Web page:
Titanium alloys are widely used in various sectors, among which the most relevant are:
The main common characteristic to all titanium alloys is the excellent ratio between mechanical strength and the density. High resistance to corrosion (due to contact with chemical products or prolonged exposure to atmospheric agents), excellent weldability and good workability, are also common for all alloys.
To understand the specific characteristics of titanium alloys and their consequent use in various product sectors, we should take into consideration the chemical and physical properties of the main alloys, defined according to the ASTM nomenclature.
There is a second classification, suitable to indicate the degree of purity of each alloy.
Grade 1: defined as commercially pure. Excellent ductility to the detriment of a low breaking load. Excellent corrosion resistance.
Grade 2: also defined as commercially pure, however it has a higher percentage of oxygen. It is a widespread alloy thanks to its good ductility, good mechanical resistance and excellent resistance to corrosion. This kind of alloy is available in different shapes: tubular, round, plate.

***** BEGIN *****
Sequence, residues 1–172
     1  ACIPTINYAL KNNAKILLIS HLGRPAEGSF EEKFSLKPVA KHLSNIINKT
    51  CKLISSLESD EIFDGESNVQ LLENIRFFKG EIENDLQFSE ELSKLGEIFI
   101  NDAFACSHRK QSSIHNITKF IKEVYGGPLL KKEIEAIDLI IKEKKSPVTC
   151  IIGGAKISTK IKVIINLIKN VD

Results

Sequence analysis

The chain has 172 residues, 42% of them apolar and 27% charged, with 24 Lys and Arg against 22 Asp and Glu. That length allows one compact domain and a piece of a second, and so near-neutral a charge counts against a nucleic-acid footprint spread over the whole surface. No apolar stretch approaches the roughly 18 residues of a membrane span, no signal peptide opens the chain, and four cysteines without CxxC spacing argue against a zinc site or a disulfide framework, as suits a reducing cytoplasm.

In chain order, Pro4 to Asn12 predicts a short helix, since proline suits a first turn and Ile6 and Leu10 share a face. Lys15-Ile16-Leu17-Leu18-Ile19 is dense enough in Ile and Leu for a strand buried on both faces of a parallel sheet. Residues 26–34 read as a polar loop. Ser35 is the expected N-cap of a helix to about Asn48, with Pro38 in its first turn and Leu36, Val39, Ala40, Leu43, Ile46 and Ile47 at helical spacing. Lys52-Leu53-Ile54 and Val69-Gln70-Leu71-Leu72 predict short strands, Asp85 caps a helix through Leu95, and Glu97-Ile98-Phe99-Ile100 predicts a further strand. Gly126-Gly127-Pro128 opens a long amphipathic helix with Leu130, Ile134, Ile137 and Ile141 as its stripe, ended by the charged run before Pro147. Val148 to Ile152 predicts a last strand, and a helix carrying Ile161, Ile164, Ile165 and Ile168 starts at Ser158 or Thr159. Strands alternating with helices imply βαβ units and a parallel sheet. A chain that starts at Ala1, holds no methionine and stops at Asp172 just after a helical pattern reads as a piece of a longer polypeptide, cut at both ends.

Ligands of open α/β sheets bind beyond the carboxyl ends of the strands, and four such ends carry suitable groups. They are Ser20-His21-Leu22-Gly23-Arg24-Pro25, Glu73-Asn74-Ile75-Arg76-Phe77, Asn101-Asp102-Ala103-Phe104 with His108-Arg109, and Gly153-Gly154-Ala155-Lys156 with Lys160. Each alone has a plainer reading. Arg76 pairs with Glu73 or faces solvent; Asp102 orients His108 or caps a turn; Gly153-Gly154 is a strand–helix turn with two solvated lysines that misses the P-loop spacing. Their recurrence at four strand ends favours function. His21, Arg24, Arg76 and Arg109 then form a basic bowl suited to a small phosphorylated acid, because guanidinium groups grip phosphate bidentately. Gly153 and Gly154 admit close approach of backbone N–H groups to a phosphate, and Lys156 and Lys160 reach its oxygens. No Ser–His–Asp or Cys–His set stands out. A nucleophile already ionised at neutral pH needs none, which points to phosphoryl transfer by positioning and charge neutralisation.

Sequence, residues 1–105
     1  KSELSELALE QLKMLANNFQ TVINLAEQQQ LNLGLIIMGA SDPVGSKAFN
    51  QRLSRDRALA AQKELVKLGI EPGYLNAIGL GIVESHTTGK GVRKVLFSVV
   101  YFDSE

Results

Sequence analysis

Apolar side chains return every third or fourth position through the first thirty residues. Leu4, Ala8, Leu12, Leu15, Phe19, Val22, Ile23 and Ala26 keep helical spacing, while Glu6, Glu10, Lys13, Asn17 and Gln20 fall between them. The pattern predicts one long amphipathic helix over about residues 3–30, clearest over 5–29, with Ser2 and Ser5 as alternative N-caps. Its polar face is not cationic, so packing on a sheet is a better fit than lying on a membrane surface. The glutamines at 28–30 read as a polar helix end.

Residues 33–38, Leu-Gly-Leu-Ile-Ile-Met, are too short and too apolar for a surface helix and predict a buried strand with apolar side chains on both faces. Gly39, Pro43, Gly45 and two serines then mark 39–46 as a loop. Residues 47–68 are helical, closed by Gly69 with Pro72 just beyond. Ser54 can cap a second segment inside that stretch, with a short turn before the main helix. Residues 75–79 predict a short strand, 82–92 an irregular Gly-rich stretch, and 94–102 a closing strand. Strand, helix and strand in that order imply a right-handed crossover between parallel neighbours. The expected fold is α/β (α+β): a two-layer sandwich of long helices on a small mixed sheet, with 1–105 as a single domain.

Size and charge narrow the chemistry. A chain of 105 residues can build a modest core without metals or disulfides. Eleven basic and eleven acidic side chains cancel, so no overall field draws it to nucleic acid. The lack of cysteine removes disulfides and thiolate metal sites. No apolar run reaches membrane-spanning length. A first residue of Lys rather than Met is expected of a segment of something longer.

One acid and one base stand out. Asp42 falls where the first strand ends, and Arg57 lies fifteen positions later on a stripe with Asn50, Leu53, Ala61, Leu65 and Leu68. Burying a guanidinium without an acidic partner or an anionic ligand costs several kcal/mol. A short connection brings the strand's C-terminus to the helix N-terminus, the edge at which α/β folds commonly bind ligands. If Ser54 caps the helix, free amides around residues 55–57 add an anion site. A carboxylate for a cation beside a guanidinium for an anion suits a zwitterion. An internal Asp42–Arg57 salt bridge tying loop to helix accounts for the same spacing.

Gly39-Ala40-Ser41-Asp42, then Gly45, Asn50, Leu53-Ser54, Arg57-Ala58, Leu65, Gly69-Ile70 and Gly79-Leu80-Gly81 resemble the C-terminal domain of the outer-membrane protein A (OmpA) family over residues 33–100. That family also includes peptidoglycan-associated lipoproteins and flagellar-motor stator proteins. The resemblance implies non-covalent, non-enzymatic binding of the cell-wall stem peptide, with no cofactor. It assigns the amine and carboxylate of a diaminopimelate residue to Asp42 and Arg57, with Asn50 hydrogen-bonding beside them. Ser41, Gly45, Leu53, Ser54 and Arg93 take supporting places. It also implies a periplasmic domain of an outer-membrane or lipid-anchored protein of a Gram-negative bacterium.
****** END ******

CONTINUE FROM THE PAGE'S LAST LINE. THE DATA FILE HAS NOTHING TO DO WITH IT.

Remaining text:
Grade 5 (Ti6Al4V): Used mainly in the aerospace, motorsport and naval sectors. High breaking load, high resistance to corrosion but it is less ductile than the two previous alloys. It is used mainly for machining from solid and for the realization of mechanical and structural components.
Grade 9 (Ti3Al2,5V): It has very similar characteristics to grade 5 but it is used mainly for the production of pipes. Therefore, it’s it is widely used in the motorsport sector. Unlike the grade 2 alloy, which is also available in a tubular shape, it has better mechanical characteristics but at the expense of a lower percentage of lengthening.
Different alloys have therefore different application sectors and construction technologies.